The Tax Court of New Jersey issued a precedent-setting decision which will have far-ranging impacts in that it clarifies which party has the burden of proof in challenging a real property tax exemption. In 2011, a number of residents of the Borough of Princeton filed a complaint in the Tax Court of New Jersey challenging the tax-exempt status for real property taxation purposes of Princeton University. Typically in property tax matters, the original assessment is entitled to a presumption of correctness, and the taxpayer challenging an assessment has the burden of overcoming that presumption. Princeton University sought a declaration in the case as to which party has the burden of proof, in this case the residents who filed the complaint, or the university. A burden also attaches to exempt status: A property owner seeking exempt status has the burden of proof to establish eligibility to an exemption. The Tax Court described the burden to establish a property tax exemption as "stringent" because the "fundamental approach...is that ordinarily all property shall bear its just and equal share of the public burden of taxation." The court went on to say, "Statutes granting exemption from taxation represent a departure, and consequently they are most strongly construed against those claiming exemption."
The university argued that placing the burden on it to defend its exemption erroneously burdens the municipal defendant and abolishes the presumption of validity. The Tax Court concluded that the university's arguments "defy firmly established precedent." The court noted that there is a clear difference between the process for valuation assessments and that for exemption determinations. An exemption determination, it reasoned, "is an evaluation based...on the reliability of representations made by the applicant in the paperwork submitted in support of the application for exemption, and of the actual use of the property for which a tax exemption is claimed." The exemption determination is "one of statutory and case law" rather than one requiring any special expertise of the assessor. Statutory construction, the court reasoned, is ultimately a judicial function. Therefore, the presumption of correctness of assessments does not apply to exemption determinations.
The court went on to say the burden of proof does not shift from the university to the residents challenging the exemption status. It concluded that the burden is always on the entity claiming the exemption. It found that "more compelling public policy concerns rest squarely on the side of the taxpayer's right to challenge the exemption, and for Princeton [University] to prove it meets the criteria for the exemption."
The Tax Court's decision clearly places the burden on those claiming an exemption, arguably making exemption challenges by residents easier to prosecute.The case is Estate of Lewis v. Trustees of Princeton University, 2015 N.J. Tax Lexis 17 (Tax Ct. Nov. 15, 2015) (approved for publication).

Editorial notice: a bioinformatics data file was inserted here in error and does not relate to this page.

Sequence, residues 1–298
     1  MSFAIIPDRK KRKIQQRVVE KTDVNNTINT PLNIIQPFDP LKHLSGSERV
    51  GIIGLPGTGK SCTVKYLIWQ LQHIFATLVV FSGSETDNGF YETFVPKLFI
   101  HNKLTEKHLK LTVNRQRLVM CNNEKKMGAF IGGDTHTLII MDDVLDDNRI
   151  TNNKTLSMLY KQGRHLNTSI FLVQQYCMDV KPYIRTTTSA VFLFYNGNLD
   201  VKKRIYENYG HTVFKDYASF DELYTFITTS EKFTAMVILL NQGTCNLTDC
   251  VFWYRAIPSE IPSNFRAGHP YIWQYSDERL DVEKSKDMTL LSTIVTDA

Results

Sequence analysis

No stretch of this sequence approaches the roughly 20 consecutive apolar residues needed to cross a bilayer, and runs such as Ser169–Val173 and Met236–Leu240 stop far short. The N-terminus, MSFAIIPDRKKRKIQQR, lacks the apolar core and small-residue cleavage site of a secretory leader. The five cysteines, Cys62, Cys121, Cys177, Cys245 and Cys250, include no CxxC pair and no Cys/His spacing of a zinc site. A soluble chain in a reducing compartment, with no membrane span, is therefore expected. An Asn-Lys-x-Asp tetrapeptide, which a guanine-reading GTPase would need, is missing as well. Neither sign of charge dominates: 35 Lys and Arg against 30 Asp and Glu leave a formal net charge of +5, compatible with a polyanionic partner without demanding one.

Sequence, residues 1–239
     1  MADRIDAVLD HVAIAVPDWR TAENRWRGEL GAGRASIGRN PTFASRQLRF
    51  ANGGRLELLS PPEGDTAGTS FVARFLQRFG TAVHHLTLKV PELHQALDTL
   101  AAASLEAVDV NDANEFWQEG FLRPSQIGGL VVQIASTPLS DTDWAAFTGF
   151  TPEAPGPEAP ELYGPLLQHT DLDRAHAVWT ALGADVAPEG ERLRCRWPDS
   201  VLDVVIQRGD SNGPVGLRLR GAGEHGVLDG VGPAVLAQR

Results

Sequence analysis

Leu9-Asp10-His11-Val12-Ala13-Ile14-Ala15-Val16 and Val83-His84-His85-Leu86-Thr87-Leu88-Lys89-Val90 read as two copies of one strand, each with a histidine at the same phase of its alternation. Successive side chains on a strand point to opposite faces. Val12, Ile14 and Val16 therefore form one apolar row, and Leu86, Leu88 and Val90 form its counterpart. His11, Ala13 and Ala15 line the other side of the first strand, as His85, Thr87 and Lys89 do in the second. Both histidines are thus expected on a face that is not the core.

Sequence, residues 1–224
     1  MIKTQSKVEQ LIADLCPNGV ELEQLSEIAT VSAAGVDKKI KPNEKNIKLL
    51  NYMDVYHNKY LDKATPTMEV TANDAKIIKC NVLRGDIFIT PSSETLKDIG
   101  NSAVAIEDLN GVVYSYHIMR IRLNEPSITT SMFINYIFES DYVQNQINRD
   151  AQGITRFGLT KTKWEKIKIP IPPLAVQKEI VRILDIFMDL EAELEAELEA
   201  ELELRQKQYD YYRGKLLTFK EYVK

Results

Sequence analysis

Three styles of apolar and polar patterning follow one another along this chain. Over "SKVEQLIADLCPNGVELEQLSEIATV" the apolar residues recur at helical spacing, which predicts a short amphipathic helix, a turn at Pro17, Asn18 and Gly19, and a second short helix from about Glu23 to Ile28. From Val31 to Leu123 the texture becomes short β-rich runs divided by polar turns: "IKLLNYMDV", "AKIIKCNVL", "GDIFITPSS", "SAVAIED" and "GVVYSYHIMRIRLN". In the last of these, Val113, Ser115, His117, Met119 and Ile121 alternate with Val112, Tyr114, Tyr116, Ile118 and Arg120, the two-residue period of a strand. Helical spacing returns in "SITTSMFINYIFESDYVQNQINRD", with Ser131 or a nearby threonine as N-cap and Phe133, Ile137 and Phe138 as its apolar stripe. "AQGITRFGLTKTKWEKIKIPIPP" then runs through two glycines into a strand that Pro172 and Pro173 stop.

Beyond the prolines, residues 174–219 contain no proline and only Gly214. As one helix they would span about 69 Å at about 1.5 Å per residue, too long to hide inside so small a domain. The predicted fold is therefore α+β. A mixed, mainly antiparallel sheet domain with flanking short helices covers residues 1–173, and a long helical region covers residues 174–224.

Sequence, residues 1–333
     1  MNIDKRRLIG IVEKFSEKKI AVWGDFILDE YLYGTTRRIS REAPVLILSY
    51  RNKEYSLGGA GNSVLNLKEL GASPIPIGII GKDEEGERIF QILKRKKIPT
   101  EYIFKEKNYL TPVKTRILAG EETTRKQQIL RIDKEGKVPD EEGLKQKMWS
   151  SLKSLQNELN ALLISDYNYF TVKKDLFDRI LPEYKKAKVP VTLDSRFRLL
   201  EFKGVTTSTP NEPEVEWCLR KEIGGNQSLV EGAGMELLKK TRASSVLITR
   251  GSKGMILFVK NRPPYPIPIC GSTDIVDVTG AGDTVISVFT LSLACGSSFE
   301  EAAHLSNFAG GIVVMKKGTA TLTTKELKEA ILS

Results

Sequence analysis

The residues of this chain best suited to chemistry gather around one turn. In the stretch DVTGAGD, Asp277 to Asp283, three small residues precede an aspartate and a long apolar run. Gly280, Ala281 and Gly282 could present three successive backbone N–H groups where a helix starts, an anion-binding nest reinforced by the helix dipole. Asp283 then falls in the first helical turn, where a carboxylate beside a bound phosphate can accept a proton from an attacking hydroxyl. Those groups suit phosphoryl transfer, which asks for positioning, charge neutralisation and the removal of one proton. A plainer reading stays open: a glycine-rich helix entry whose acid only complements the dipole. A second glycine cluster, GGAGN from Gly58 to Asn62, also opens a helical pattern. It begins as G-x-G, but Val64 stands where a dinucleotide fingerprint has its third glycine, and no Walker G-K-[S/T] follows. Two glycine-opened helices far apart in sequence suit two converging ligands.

On Wednesday, March 15, Kate Coffey will be speaking at the 13th Annual Landlord-Tenant Law: Lease Agreements, Defaults, and Collections seminar about laws concerning leasing and condominiums.
On February 27, Kate Coffey will be speaking at the 5th Annual Landlord-Tenant Law: From Lease to Eviction Seminar for Sterling Education Services, a non-profit continuing legal education company.
Patrick McCarthy and Christopher Stracco are scheduled to speak on Friday, February 10, at the New Jersey Institute of Continuing Legal Education's Annual 2017 Redevelopment Law Institute at the Renaissance Woodbridge Hotel in Iselin, New Jersey.
Florence Davis co-wrote an article entitled "Taming the Duck--Distributed Energy Resource Solutions to Renewable Energy Integration," for Bloomberg BNA's Daily Environment Report.
Katharine Coffey and Christopher John Stracco wrote an article entitled "New Jersey Supreme Court Reverses Ban On Electronic Billboards," which was published in the New Jersey Builders Association's Dimensions Magazine.
Day Pitney partners Marie Bertrand and Michael Byrne have been named Fellows of the American College of Mortgage Attorneys.
Michael P. Byrne was mentioned in an article, "Day Pitney, Greenberg Traurig Steer $130M NYC Loan," in Law360.
Barbara Freedman Wand was quoted in the article "Banks Explore Multiple Avenues For Community Investment," in The Commercial Record.
Harold Blinderman was quoted in an article, "Coal Co.'s Win Won't Diminish EPA's Regulatory Clout," in Law360. In the article, he discusses the significance of the case, Murray Energy Corporation et al v. Administrator of Environmental Protection Agency, in which the federal District Court for the Northern District of West Virginia granted summary judgment to Murray Energy.
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